Tim Taylor. Miami University. CCM. The Beach Waterpark. Pentecostal snakes. Mulholland Drive. 97X. Two babies born in 1973, on the same day, at the same Middletown hospital. Somewhere between these people, places, quirks and events, lies the story of Dorsie.
It's the archetypal Cincinnati tale, beginning with the idea that somewhere in the Tristate mix of intertwining fates and former high school friends, four very different men who never really tried to come together and form a band somehow would.
Dorsie, a relatively new Cincinnati band, is like other area groups in most respects: Pop/Rock, with a grunge edge and evident influences from The Rolling Stones, Velvet Underground, early L.A. Punk and R.E.M. But it's the journey that brought Dorsie to this point, and to the Cincinnati music scene, that's different.
About a year ago, guitarist Dan Cromer called singer Dorsie Fyffe and asked if he'd like to get together to just play music. The two met while working as DJs for 97X and Fyffe was singing and writing songs with the Dayton-based band Johnny Smoke. Around 1996, Cromer departed for San Francisco. From 1995 to 2001, Fyffe and Cromer barely kept in touch. Then last year, Fyffe got a phone call. Cromer had journeyed West, and returned to Cincinnati.
"It was just weird because when Dan called me, I was sitting around bummed out because I had left Johnny Smoke, left my girlfriend, had a shitty job," Fyffe says. "Then I quit my shitty job, was unemployed for a while, and that's when the songs started floating around in my head. Dan's call was a weird sign that things might get better, that there's a reason for everything that's happened."
So Cromer, Fyffe and Cromer's friend, Jason Poe, started getting together to play whatever they felt like playing, once or twice a month. In addition to a love for Neil Young tunes, Cromer and Fyffe had something more in common: For both, a move to Cincinnati kick-started a new phase of their lives. Fyffe had been living in Dayton, and his roommate at the time was Tim Taylor, singer and songwriter for Indie Rock legends Brainiac.
"My roommate, Tim Taylor, was killed; he was killed right down the street from where I lived," Fyffe says. "I felt like I needed to get away. That's the reason I came down here."
Meanwhile, future Dorsie drummer Poe, who met Cromer one high school summer at the Beach Waterpark, was on his own journey. He worked in San Diego for a while, then returned to Cincinnati. Cromer called him one night, to ask if he'd like to play music. Fyffe was recruited to the jam sessions, held in Cromer's apartment and played out on electric and acoustic guitars, a Baldwin upright piano, and whatever else made interesting noises. Then bassist Matt Human joined in. Human attended Miami University with Cromer and Poe, and had recently bumped into Cromer on U.C.'s campus.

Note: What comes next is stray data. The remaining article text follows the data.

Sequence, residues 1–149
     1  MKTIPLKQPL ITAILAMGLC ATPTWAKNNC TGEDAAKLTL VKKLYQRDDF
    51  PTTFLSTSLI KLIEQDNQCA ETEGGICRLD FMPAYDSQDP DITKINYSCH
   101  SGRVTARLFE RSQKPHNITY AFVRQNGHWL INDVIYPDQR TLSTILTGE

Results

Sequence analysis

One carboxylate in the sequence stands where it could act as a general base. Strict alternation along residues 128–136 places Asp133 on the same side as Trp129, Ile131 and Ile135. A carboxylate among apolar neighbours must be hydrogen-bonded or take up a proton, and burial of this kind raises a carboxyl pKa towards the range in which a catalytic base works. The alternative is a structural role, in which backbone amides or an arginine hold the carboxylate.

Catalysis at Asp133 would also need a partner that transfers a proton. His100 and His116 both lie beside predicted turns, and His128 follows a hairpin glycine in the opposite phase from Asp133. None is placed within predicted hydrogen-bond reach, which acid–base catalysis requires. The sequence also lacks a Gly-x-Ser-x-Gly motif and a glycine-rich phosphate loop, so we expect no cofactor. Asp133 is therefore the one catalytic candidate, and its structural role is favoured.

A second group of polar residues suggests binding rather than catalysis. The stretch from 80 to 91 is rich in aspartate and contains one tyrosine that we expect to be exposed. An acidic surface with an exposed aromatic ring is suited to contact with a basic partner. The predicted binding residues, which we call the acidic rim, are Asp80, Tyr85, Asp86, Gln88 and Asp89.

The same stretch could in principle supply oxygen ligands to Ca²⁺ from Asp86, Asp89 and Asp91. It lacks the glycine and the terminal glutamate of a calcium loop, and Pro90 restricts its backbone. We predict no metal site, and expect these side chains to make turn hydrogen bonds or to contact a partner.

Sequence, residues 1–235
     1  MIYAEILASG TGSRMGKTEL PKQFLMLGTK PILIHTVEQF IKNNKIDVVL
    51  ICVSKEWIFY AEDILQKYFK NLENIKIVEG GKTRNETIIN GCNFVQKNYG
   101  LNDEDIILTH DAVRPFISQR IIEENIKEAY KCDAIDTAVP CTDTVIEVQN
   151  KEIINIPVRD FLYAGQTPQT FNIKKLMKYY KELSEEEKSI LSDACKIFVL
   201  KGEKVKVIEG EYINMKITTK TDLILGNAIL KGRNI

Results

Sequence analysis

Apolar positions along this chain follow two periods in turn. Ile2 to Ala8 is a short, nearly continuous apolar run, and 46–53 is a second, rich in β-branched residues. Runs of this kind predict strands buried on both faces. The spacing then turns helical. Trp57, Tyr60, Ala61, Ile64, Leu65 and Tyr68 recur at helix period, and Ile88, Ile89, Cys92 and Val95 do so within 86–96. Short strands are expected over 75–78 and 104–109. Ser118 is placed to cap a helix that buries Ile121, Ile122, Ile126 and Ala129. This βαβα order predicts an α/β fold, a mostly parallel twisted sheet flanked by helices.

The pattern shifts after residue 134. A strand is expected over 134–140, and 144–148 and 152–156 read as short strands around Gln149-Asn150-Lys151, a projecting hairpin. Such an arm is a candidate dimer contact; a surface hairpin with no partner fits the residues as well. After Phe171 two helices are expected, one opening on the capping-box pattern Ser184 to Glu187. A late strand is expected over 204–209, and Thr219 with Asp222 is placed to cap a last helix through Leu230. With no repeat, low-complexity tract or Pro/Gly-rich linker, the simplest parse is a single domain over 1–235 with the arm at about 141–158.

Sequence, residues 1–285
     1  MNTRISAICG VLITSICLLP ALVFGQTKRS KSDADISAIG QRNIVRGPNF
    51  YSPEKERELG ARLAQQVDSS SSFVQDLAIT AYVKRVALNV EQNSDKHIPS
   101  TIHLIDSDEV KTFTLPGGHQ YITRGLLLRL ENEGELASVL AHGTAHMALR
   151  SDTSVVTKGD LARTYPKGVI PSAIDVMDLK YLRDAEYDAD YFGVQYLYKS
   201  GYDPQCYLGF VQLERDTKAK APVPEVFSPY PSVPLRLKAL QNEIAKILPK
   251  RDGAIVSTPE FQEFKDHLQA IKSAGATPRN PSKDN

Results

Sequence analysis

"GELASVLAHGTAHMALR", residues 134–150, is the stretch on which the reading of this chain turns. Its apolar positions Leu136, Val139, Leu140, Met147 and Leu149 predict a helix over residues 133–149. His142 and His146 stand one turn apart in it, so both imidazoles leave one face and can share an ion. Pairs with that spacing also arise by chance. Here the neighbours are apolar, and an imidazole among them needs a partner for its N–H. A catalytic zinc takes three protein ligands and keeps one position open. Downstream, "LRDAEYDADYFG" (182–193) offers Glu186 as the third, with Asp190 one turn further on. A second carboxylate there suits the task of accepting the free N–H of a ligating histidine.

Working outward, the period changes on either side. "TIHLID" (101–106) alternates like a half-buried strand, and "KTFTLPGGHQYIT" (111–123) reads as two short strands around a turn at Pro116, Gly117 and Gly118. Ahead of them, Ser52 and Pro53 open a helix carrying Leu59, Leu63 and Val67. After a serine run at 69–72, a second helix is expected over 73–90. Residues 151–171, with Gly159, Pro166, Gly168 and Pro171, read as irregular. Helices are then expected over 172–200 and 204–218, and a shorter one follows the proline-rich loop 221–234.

Oh, and Human and Poe were born in 1973, at the same hospital, in Middletown, Ohio.
From these events, and the ensuing jam sessions, came the band Dorsie. Songwriting, like their history, is a collaborative project full of twists and turns. Fyffe, Cromer, Poe and Human all bring songwriting ideas and skills to the table.
"I don't play an instrument, I only hear music in my head," says Fyffe. "My name may be on the product, but these guys are just as much a part of it as I am."
Amongst the band's current work is a song inspired by the David Lynch film Mulholland Drive. Each band members' influences, much like a David Lynch movie, are random and far reaching. Fyffe's father is a Pentecostal minister, and his influence can be seen in Fyffe's yearn to entrance the masses.
"I'm inspired by seeing my father preach, because when I was a kid it was so bizarre. He's totally putting on a show up there, that's what so many religions do," Fyffe says. "It's pretty whack, but it's kind of Pentecostal. The snakes — they're not that far gone. They're into beehives and that sort of thing."
Fyffe's first live gig fronting the band Dorsie was at York Street Café in Newport, opening for Snake Punching Contest. While the band rarely plays out, it's not due to a lack of interest, but more a result of the band members' busy schedules, and the nature of Cincinnati's music scene, which is both inclusive and exclusive.
"We would be willing to play with just about anybody in town," Fyffe says. "Just because we're not hanging out in a clique, or going to after-hours parties after shows, doesn't mean we aren't doing exactly what other bands are doing. I have no problem playing with anybody, but I'm not going to walk around kissing everybody's ass just to get a show."
The members of Dorsie are hopeful that Cincinnati will continue to evolve and become even more supportive of original music.
"A lot of times you go see bands and there's this pretension there," Poe says. "But when I play drums I don't care what I look like, don't care what I'm wearing, I just want to play. And that's what it's about for us."
"Don't you think it would be kinda nice if everyone just quit taking themselves so damn seriously?" Fyffe asks. "It's just music."
DORSIE plays at The Comet on June 21 with Snake Punching Contest.